My proposal had of course been sheer tomfoolery, but I was liking this woman more and more all the time.  She could banter with the best of them and never missed a beat.  “Everything else at his cottage is in tip-top shape.  Wonder why the TV doesn’t work?”

“Maybe because nobody bothered to pay the bill and turn it back on?”

“Sabrina, you’re a genius.  Can’t wait ‘til Monday; perhaps we should elope.  What time you do you get off today?”

“I’ll probably get off about fifteen minutes after we get married, depending on how long it takes you to get me home.”  She opened her mouth in a big exaggerated O.  “But I got to pick up the kids from mother’s after work.  So maybe you should order some fruit to go with your meal.  I’m sure we have some . . . cantaloupe.”  Another big O.

Holy shit.  Rick Whittaker, the fastest wit in the Palmetto State, and I’m no match whatsoever for a peckerwood waitress in small town, South Carolina.  I did a couple of half bows before her, acknowledging her as the master of the day.

“OK, one last question.  Two, actually.  Know anything about a woman George may have been dating named Lacey?  And what do you think happened to him?”

“There’s nobody named Lacey around here, and I never saw George with a woman.  He was slightly below average on the flirting scale.”

“So where am I?”

“Well, if you’d been less than a solid seven I’d have never agreed to marry you.”

Wow.  I felt flattered, and at the same time totally ridiculous that I felt flattered.

“As to where he is, up to now I couldn’t even speculate.  But you being a high-power investigative reporter and all, you’ve already found the answer more than likely.  He’s with Lacey, that’s my guess.”

Left her a $5 tip, already looking forward to tomorrow.  If she does that well with all the guys, she probably lives in a mansion and drives a BMW.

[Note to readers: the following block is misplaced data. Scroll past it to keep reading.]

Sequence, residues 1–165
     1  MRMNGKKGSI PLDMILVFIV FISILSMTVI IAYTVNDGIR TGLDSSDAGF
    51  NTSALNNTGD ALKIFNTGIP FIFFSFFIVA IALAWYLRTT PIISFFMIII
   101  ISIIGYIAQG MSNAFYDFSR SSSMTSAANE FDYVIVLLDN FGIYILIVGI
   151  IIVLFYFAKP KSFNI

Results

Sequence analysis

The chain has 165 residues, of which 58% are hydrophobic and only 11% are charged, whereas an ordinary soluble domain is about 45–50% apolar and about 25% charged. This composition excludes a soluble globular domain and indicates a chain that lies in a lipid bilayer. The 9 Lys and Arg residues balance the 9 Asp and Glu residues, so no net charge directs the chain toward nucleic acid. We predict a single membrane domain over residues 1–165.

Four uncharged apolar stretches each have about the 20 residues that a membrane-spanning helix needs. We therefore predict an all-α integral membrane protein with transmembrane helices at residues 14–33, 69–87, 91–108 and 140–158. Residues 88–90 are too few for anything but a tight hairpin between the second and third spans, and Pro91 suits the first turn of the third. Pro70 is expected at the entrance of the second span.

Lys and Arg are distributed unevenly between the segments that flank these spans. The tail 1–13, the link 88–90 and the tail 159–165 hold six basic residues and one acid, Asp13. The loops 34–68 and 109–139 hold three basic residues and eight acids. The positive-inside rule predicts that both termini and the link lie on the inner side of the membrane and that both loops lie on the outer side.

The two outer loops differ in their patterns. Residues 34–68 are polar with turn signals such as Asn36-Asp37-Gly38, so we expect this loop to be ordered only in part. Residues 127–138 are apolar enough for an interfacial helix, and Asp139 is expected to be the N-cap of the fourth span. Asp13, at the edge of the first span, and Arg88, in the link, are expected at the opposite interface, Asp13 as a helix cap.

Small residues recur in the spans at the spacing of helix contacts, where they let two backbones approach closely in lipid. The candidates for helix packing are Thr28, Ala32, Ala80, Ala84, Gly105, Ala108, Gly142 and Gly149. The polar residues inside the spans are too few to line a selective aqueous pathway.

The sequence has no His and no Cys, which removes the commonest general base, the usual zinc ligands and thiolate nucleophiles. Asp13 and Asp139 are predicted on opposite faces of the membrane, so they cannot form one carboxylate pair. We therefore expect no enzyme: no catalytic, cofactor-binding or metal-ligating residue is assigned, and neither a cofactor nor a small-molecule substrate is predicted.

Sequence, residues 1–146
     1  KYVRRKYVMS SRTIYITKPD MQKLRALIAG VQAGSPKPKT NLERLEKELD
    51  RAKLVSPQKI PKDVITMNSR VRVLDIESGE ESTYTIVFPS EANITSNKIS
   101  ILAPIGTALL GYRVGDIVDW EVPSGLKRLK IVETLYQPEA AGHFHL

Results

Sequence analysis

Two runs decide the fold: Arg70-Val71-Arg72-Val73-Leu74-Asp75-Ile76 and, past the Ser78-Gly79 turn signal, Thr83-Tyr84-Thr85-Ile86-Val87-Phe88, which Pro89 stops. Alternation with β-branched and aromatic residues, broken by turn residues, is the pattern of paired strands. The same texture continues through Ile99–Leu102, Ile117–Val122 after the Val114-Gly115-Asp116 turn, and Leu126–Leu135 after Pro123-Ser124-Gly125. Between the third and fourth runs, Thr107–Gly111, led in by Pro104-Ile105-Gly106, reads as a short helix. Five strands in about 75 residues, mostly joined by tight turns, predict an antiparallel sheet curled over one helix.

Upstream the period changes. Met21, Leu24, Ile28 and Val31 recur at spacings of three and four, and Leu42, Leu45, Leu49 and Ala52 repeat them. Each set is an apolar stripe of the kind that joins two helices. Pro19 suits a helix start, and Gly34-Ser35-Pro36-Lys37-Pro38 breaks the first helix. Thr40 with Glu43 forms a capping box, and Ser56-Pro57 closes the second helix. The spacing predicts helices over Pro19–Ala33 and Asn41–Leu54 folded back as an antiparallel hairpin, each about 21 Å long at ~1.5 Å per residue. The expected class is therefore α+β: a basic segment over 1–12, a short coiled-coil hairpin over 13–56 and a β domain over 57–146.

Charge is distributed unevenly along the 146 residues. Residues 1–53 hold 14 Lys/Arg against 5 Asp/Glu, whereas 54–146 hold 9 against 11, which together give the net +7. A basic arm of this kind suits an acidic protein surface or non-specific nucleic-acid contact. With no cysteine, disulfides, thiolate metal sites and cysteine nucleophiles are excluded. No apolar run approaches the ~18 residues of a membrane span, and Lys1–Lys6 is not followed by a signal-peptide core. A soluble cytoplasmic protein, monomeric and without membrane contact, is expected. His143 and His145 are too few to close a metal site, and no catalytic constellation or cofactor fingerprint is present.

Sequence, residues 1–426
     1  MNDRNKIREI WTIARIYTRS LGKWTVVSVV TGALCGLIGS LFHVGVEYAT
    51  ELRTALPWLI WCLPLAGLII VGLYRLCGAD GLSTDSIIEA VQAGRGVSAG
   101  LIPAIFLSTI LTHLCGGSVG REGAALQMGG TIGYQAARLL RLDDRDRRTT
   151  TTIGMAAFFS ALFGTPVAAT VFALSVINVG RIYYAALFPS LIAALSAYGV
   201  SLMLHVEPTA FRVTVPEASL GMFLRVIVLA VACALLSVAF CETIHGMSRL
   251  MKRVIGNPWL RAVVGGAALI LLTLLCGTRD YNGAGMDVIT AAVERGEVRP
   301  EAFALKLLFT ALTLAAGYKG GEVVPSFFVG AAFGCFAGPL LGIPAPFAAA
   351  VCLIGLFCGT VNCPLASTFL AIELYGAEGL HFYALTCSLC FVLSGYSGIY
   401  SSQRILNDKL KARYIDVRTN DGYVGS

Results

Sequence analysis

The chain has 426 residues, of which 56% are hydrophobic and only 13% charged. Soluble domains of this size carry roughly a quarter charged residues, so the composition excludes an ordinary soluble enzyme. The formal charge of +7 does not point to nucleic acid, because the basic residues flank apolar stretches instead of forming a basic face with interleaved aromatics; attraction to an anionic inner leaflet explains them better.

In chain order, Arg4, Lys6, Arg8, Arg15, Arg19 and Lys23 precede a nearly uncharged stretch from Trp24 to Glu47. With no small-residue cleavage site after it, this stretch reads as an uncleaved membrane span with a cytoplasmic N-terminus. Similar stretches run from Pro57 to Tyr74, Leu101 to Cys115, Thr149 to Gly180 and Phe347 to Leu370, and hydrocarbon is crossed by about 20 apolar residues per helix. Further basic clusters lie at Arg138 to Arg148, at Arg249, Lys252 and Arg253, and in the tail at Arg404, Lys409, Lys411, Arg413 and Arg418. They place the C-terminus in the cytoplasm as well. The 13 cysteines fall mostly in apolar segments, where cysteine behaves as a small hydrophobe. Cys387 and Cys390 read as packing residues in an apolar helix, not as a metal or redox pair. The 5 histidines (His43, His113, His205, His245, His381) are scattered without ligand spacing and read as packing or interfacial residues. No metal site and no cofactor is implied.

Sabrina immediately charmed me, just like she did Rick.  Occupational hazard, I suppose.  Almost immediately she expressed her desire to audition for the position of “woman-that-the-hero-ends-up-with-in-the-end.”  I don’t really have an issue with that, since the position is currently unfilled.  However, there is one major problems: Rick has a short-term interest coming up soon, so Sabrina can’t get in the way of that.

I went to visit my daughter at school just before Christmas, and while I was there I sought her opinion on the topic.  Then, I wrote to my writer’s group to ask their opinion.  But as I was pointing out some of the options in the email, the answer came to me.  Love it when that happens.

So while I’m not totally sure that Sabrina gets the part, her audition has gone well.  As long as the other woman who refuses to behave doesn’t get in the way.

women who don't behave t-shirt

Stranger in a Strange Land

I spent 10 days in France last year. The people (with only 1 notable exception) were warm, welcoming, and happy that I was spending my money in their country and appreciating their culture. But there was never any doubt that I was in a foreign country. Different language, different culture, different food, different habits.

Yesterday I went to a workshop hosted by the West Houston Chapter of the Romance Writers of America.  Like the people of France, the members were warm, welcoming, and happy that I was attending their workshop.  I’ve been to a number of workshops before, as well as writers’ groups, but this is the first time I was truly in a foreign country.